MLB is seriously considering a plan to begin the season in Arizona, sooner than expected. There are just too many problems with this idea.

Late last night, ESPN’s Jeff Passan reported that Major League Baseball and the Players’ Union are working on a plan to begin games in May, playing entirely in Arizona. As I scrolled through my Twitter feed, I saw tons of fans who were both ecstatic and hopeful that this plan would work.

Look, I miss baseball as much as anyone. I understand that fans want the game back, even if there are restrictions in place. And I have to applaud the league and the players for trying to come up with a plan to safely get games going again soon. Yet I just don’t see how this plan can work.

Here are some of the highlights of the plan as reported by Passan:

  • Though a date has not been set, the season could start as soon as May, after a two or three week training period.
  • All 30 teams would play in the Phoenix area, at Chase Field and at spring training facilities, with no fans.
  • Players, coaches, and other essential personnel would be isolated and would only travel to and from games.
  • Testing for COVID-19 would be necessary.
  • Other ideas being discussed include an electronic strike zone, no mound visits, seven-inning doubleheaders, use of on-field microphones by players to enhance broadcasts, and players/coaches sitting in the stands, six feet apart, instead of the dugout.

Again, I would really enjoy having baseball back. However, there are just too many problems with this idea to make it feasible, including:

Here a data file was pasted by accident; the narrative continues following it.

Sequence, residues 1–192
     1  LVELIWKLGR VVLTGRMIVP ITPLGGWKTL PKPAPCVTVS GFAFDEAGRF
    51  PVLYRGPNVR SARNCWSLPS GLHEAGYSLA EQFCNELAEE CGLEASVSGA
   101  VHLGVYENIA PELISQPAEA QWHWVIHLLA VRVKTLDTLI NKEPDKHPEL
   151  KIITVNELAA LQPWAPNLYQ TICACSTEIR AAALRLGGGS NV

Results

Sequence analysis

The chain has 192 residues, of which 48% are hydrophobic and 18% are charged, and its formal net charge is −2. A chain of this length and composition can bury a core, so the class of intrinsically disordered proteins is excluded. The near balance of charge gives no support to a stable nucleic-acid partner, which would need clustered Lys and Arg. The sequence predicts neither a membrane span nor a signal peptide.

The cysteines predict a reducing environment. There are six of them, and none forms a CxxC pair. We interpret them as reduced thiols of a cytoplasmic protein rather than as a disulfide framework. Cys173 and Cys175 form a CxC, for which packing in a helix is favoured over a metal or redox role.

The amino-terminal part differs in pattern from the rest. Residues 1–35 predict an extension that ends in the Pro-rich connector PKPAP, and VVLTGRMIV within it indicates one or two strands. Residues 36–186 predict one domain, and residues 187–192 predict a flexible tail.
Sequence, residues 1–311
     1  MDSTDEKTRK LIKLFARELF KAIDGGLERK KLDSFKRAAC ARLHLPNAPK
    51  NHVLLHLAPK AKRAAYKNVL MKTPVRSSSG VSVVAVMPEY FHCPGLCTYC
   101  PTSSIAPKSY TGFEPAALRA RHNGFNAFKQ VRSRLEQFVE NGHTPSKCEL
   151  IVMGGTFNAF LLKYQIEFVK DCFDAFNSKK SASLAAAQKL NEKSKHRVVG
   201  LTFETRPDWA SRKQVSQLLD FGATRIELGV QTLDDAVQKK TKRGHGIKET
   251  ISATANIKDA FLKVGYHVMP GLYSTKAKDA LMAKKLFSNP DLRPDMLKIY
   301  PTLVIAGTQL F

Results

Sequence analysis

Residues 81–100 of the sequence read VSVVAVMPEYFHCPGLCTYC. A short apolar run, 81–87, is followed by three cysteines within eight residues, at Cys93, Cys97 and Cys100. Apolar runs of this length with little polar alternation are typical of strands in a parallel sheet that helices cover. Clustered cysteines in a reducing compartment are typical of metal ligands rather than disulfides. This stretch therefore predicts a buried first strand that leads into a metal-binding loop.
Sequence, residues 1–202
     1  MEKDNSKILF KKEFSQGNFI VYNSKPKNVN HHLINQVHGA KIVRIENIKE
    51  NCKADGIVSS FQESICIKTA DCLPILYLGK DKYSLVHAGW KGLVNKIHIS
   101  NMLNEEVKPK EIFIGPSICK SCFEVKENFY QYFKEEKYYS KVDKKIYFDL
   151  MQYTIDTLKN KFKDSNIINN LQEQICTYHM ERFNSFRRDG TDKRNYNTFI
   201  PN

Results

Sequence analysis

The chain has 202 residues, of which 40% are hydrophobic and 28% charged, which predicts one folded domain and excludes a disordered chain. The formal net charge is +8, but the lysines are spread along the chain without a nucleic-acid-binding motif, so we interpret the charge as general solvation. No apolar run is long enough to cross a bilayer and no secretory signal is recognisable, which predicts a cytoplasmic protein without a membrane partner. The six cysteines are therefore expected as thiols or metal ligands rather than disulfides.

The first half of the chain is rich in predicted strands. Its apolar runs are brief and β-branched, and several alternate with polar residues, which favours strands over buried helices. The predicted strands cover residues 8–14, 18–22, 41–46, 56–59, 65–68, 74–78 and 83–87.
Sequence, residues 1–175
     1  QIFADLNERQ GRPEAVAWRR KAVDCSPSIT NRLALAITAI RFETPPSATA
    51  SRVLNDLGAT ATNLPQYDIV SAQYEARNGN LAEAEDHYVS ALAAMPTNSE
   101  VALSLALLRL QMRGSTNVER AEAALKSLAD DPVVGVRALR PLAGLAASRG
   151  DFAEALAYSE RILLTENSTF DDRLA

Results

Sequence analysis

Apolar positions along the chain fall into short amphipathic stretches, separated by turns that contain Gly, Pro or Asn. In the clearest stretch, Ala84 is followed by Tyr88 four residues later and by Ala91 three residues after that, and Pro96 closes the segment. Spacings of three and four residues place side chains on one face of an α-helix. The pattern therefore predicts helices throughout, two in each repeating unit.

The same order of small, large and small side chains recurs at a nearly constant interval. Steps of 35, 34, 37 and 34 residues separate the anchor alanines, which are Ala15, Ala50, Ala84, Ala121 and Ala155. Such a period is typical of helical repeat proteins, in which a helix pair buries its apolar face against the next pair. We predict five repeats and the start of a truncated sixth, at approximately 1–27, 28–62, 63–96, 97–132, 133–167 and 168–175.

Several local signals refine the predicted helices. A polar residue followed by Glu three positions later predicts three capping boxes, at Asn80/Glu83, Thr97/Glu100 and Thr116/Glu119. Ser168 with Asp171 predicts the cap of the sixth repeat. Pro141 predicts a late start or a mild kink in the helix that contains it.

Playing in dangerously hot weather: Is there anyone on either side who thinks this is an issue? Temperatures in Arizona routinely exceed 100 degrees daily during the summer, and though Chase Field has a roof, the spring training stadiums don’t. Playing one game under these conditions would be bad for the players’ health; asking them to play a doubleheader like this seems unfathomable.

Players would be away from their families for a long time: Nobody knows how long this situation would last, but if it were to last for the rest of the season, players would have to be away from their families for a good four to five months. As much as players love playing baseball, it’s hard to believe this would make it an enjoyable experience. Fans, in turn, would suffer if the players’ hearts aren’t fully into the game.

It wouldn’t be the same game: In principle, I’d rather watch baseball on TV with no fans in the stands than not have any baseball at all. Still, it wouldn’t be quite the same. Yet that’s not my biggest concern. Baseball is not the same without mound visits or if it’s not played a full nine innings. And though an electronic strike zone is probably coming someday, again it’s not the same without human umpires. If these measures are necessary to get all the games in, it almost doesn’t seem worth it to me.

Will it really be safe by then? I understand that the league wants to be prepared, and that requires advanced planning. But right now, with news developing daily, we just don’t know whether it will be safe. Keeping players six feet apart when not on the field already seems unrealistic enough; players have to be within six feet of each other while on the playing field. And with all the testing, what if someone tests positive? We’ll have to shut down all over again.

This whole plan just screams of desperation. Again, applaud them for trying. Yet I’d almost rather have no baseball at all than this. Let’s wait until everything is safe and that we can play the game the right way, even if that takes longer.

Next: Dodgers’ Justin Turner proposes home run derby for extra inning games



Source link

Quantcast